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Comparison of the metabolic effects of raloxifene and oral estrogen in postmenopausal and growth hormone-deficient women.

Artikel i vetenskaplig tidskrift
Författare James Gibney
Gudmundur Johannsson
Kin-Chuen Leung
Ken K Y Ho
Publicerad i The Journal of clinical endocrinology and metabolism
Volym 90
Nummer/häfte 7
Sidor 3897-903
ISSN 0021-972X
Publiceringsår 2005
Publicerad vid Institutionen för invärtesmedicin
Sidor 3897-903
Språk en
Länkar dx.doi.org/10.1210/jc.2005-0173
Ämnesord Adolescent, Adult, Cross-Over Studies, Energy Metabolism, drug effects, Estradiol, pharmacology, Female, Human Growth Hormone, blood, deficiency, Humans, Insulin-Like Growth Factor Binding Protein 3, blood, Insulin-Like Growth Factor I, analysis, Lipid Metabolism, Middle Aged, Oxidation-Reduction, Postmenopause, metabolism, Raloxifene, pharmacology, Sex Hormone-Binding Globulin, analysis
Ämneskategorier Medicin och Hälsovetenskap

Sammanfattning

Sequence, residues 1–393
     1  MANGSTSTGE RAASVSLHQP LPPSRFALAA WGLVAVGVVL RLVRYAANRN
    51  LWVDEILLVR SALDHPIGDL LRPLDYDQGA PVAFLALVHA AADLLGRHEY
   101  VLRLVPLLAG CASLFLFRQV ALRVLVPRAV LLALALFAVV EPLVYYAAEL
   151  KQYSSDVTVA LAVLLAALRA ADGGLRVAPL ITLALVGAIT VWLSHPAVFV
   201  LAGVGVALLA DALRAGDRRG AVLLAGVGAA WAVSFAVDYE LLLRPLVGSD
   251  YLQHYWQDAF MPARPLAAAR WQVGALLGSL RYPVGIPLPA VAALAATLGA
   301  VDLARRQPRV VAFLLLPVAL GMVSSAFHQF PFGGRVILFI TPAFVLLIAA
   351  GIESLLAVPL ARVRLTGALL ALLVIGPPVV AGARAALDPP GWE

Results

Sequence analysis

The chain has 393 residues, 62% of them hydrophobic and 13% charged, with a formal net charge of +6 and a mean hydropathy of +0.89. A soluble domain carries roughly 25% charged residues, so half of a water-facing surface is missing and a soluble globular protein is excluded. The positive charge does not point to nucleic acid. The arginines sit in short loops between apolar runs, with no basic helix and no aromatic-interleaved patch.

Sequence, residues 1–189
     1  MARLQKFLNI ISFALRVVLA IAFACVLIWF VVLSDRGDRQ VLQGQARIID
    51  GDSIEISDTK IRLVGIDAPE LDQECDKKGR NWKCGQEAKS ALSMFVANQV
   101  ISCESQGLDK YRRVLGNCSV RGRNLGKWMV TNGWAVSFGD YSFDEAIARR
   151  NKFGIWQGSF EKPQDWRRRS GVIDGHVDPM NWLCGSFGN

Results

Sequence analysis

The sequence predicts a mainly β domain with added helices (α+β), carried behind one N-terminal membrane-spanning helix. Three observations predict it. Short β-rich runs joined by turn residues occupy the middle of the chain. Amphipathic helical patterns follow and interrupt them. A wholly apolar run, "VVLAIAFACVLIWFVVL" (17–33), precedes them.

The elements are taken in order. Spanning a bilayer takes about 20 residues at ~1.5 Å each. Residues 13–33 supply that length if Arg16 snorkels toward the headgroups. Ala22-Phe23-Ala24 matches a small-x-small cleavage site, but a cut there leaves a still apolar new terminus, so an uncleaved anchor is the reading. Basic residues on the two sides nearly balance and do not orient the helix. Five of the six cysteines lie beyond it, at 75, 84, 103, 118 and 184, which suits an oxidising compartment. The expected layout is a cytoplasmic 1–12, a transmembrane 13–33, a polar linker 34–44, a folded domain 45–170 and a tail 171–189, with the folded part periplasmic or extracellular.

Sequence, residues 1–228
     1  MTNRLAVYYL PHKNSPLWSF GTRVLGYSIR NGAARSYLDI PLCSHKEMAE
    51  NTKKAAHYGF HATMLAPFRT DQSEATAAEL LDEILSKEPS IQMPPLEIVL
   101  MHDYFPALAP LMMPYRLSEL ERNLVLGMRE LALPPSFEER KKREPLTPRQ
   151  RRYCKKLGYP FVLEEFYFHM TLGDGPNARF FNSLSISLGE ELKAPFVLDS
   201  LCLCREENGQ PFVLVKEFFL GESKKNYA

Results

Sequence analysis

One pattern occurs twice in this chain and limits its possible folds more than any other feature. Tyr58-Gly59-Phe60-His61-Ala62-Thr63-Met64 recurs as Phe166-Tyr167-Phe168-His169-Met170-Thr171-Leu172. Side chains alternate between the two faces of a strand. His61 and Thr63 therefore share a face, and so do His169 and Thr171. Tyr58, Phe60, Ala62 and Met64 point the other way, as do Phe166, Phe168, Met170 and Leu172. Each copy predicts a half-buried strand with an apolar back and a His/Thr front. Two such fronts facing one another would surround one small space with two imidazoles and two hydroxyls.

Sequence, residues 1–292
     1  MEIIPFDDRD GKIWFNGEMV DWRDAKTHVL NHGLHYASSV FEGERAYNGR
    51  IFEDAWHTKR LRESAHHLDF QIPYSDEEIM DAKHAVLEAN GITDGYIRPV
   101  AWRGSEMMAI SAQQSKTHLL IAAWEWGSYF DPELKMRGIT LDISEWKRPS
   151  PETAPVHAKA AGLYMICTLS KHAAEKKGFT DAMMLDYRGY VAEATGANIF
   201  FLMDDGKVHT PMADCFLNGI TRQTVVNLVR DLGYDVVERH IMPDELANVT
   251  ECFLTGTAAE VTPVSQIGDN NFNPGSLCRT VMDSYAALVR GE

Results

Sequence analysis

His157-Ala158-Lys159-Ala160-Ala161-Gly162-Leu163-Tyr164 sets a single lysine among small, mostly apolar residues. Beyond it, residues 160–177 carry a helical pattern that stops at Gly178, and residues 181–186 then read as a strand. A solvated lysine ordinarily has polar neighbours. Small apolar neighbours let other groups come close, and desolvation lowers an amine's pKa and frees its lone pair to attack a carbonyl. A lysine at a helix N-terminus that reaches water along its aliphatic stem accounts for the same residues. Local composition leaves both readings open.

CONTEXT: The endocrine and metabolic functions of the liver are affected by estrogen. Oral estrogen reduces IGF-I and suppresses fat oxidation despite augmenting GH secretion. The aim of this study was to determine whether selective estrogen receptor modulators display similar effects and whether these effects are magnified in GH-deficient (GHD) women because of the loss of GH feedback. DESIGN: This was an open-label, randomized, two-period, crossover study comparing treatment (raloxifene vs. estradiol) and group (normal vs. GHD). SETTING: The setting of this study was a clinical research unit. PARTICIPANTS: Twelve postmenopausal women and 12 women with hypopituitarism participated in this study. INTERVENTION: Two 4-wk treatments with 17beta-estradiol (E2; 2 mg, followed by 4 mg) or raloxifene (60 mg, followed by 120 mg) were given, crossing over to the alternate treatment after a 4-wk washout period. OUTCOME MEASURES: Endocrine [GH, IGF-I, IGF-binding protein-3 (IGFBP-3), GH-binding protein, and SHBG] and metabolic (fat oxidation) end points were used as outcome measures. RESULTS: E2 reduced serum IGF-I levels in a dose-dependent manner in both groups, with effects greater (P < 0.05) than raloxifene. Raloxifene reduced IGF-I levels in the GHD group (P < 0.001), but not in the postmenopausal group. E2 reduced (P < 0.05), and raloxifene increased (P < 0.05), IGFBP-3 levels in both groups. E2, but not raloxifene, increased GH (P < 0.05) in postmenopausal women. The effects of E2 and raloxifene on IGF-I, IGFBP-3, IGF-I/IGFBP-3 molar ratio, GH-binding protein, and SHBG were significantly different (P < 0.05). E2 and raloxifene reduced (P < 0.05) fat oxidation equally in GHD, whereas the decrease in postmenopausal women was not significant. CONCLUSION: E2 and raloxifene exert different hepatic endocrine, but not lipid oxidative, effects. The greater effects seen in GHD women may be explained by the loss of endogenous GH feedback.

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